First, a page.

I knew that they were unitholders because as they were shuffling to their seats, I managed to sneak a peek at their mobile voting devices. FYI: you can see how much stock you own on those screens.
Seated on my left and right were two old uncles, who were probably in their mid-60s, and I noticed that they had about 400,000 to 500,000 shares each. That’s almost half a million dollars that they’ve each invested in this company.
My concluding thought: there’s a LOT of retirement savings sunk into this company.
Myth 2: People Who Attend AGMs Are There For The Buffet And Free Food
While outside the ballroom, I noticed crowds of people networking and discussing the Annual Reports of the company’s financial results for 2018.
Naturally, a queue formed at the bento box collection area when lunch was distributed.
But overall, food was not really a big draw. I could tell that these investors genuinely wanted to know more and learn about what’s the next step forward with regard to their investment.
Myth 3: There Will Be Drama And Lots Of Tough Questions Asked
“MAS is No God. Look at what happened to Hyflux!” quipped a silver-haired, obviously seasoned investor, when he was talking about gearing ratios as well as the MAS prescribed 45% ratio for the amount of debt each REIT could take up. There were also plenty of discussions regarding how the investors should count their perpetual bonds as part of the gearing ratio as well.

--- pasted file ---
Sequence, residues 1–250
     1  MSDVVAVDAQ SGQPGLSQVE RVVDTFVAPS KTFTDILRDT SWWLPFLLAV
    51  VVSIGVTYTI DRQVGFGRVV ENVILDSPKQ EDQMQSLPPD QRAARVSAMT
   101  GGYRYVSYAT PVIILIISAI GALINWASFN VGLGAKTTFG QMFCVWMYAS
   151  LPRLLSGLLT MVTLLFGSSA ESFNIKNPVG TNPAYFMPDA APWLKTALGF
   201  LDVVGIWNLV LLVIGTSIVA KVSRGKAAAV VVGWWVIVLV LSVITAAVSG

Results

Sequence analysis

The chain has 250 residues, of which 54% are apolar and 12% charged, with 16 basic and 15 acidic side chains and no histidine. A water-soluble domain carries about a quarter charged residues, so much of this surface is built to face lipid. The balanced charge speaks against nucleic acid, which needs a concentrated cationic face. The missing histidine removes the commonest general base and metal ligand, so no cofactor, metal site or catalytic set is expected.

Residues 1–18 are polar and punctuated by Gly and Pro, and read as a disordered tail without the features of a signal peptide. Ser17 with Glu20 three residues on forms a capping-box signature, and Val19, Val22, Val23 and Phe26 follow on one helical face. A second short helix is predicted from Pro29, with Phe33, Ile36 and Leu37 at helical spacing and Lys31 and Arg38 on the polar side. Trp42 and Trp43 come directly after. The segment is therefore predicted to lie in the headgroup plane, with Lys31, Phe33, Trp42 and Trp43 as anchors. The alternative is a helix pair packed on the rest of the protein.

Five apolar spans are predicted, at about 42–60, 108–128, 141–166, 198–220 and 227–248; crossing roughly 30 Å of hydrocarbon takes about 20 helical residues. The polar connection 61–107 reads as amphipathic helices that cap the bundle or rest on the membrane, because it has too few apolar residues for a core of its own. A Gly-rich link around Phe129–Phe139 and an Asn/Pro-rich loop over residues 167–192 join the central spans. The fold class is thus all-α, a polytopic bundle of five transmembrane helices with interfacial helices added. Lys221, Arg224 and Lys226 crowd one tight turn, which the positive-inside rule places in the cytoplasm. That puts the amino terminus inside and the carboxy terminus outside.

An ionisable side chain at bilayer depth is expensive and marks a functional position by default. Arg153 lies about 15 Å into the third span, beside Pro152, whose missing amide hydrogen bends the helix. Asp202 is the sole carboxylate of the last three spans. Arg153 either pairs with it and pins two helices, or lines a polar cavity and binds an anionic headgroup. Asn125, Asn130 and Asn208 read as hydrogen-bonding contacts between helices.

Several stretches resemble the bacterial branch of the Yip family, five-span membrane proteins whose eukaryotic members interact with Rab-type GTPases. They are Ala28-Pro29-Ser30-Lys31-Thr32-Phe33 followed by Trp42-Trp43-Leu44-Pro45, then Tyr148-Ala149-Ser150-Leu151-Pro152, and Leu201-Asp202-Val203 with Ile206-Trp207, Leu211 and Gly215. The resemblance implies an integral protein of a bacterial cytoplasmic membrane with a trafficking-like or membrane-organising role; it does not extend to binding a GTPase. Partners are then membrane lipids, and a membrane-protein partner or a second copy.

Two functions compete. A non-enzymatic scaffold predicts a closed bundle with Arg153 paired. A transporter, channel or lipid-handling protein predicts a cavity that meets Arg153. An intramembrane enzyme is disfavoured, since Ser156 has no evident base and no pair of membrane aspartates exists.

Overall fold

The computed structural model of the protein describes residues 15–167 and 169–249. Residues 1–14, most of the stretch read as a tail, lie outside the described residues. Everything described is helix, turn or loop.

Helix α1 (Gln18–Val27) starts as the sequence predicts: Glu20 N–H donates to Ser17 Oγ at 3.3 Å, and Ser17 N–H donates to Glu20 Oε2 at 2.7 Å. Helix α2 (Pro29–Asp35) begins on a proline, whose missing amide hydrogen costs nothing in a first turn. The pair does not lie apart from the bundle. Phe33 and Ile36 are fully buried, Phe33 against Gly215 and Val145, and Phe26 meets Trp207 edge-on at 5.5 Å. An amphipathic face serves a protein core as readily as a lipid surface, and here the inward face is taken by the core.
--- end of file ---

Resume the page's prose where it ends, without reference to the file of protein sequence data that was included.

After the board of directors shared their decisions with regard to moving forward with an unpopular decision, another wizened, but sharp investor had this to say, “My message to the board is to remind EVERY ONE OF YOU, that YOU should care about US. The unitholders!”
Damn right they should.
Closing Thoughts: A Good Opportunity To Get A Sense Of The Company’s Management
After the AGM, I believe that it’s a good way to measure how confident you should be with regard to your investment in the company.
Because ultimately you are ‘making your money work for you’ and the people that you see on stage are directly responsible for that. They are the one who are hired to help you multiply your money and also to ensure dividends are regularly paid out to you and me, the unit-holders.
An AGM is also where discussions can get quite heated. There are even times where the CEO will freeze up, which is a clear sign that the board’s direction or answers haven’t been received very favourably by the unitholders.
It’s also interesting to listen to the occasional mutters and grumbles of the various unitholders present during the AGM. Even though they might be slightly senior, but their combined experience is not something to be trifled with.
If you’re interested to read more about my first experience with an AGM, stay tuned as I’ll be back with a more in-depth article breaking down how to approach an AGM in Singapore.
A Nice Bonus: Taking Care Of The Unitholders
It was an afternoon well-spent and I highly recommend everyone to at least experience it once. For this AGM at least, I was lucky that all unitholders were also given a carpark coupon to redeem their parking.
Talk about taking basic welfare for unit-holders. Haha.